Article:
Doctors told an Aberdeen man that a “violent sneeze” could have caused him to suffer a stroke which left him unable to walk.
Chris Robinson began to feel dizzy in November 2018 but initially attributed it to tiredness.
When the 40-year-old began to struggle to walk, and felt his right side go numb, he knew something was seriously wrong and rushed to see his GP.
From there he was sent to hospital and was quickly admitted to the stroke unit at Aberdeen Royal Infirmary.
Doctors advised him that he had split a vein in his head which would have been caused by anything from a cough to a violent sneeze.
The business development manager was told it would be a long time before he would be able to walk again.
But now, the inspirational individual is preparing to defy the odds by climbing 10 of Scotland’s highest peaks.
In doing so he hopes to raise £10,000 for the Chest Heart and Stroke Scotland charity.
It will culminate in him climbing Scotland’s highest peak, Ben Nevis, two years on from suffering his stroke.
In 15 months, Mr Robinson has gone from being unable to walk the length of his hospital room to deciding to take on the mammoth challenge.
And with his treasured blind dog, Rex, by his side, he plans to conquer the 10 peaks over the next 10 months – and began the challenge on Sunday by successfully tackling Bennachie.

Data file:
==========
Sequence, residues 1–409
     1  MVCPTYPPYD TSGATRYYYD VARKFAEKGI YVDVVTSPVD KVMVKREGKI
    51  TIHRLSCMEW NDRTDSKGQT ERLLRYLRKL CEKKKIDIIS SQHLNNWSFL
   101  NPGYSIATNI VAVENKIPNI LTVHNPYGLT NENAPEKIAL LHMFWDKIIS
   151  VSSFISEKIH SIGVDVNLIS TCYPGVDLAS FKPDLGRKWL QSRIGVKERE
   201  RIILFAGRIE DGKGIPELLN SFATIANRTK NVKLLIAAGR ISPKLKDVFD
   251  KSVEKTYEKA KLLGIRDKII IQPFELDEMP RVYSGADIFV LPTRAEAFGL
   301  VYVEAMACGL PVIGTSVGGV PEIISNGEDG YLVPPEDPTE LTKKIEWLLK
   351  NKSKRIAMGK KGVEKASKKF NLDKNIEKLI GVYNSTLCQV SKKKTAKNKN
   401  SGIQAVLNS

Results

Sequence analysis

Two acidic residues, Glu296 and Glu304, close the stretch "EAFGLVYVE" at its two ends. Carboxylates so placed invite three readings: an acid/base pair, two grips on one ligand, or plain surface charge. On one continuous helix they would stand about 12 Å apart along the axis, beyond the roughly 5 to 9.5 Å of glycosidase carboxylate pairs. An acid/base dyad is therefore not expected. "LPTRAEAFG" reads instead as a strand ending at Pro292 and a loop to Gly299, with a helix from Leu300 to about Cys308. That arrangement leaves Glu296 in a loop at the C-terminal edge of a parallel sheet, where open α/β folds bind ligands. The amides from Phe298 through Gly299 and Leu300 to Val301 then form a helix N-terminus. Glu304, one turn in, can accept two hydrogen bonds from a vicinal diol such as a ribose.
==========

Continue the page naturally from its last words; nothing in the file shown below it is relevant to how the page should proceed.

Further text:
He said: “I was overcome with determination to get back walking.
“I never stopped to focus too much on what I couldn’t do.
“I put all my energy into getting better and didn’t spend time thinking about what would happen if I didn’t recover.
“With walking being the thing that was most affected by my stroke, I wanted to create a challenge which encompassed it.
“I’ve spent the past year learning to walk again and although I can walk now, I am still only at 80%.
“I have to think about every footstep before I take it.”
Jane-Claire Judson, chief executive at Chest Heart and Stroke Scotland, said: “Chris is an inspiration; to be taking on such a difficult challenge, and especially after being unable to walk just over a year ago is incredible.
“We want people to do more than survive after a stroke, we want them to really live.
“Chris’ story is also an important reminder that there are other, less common signs of stroke.
“Sudden blurred vision, sudden dizziness or a severe headache that comes on quickly with no known cause can also be signs of a stroke.”
To support Mr Robinson’s challenge, go to www.justgiving.com/fundraising/10peaksin10months.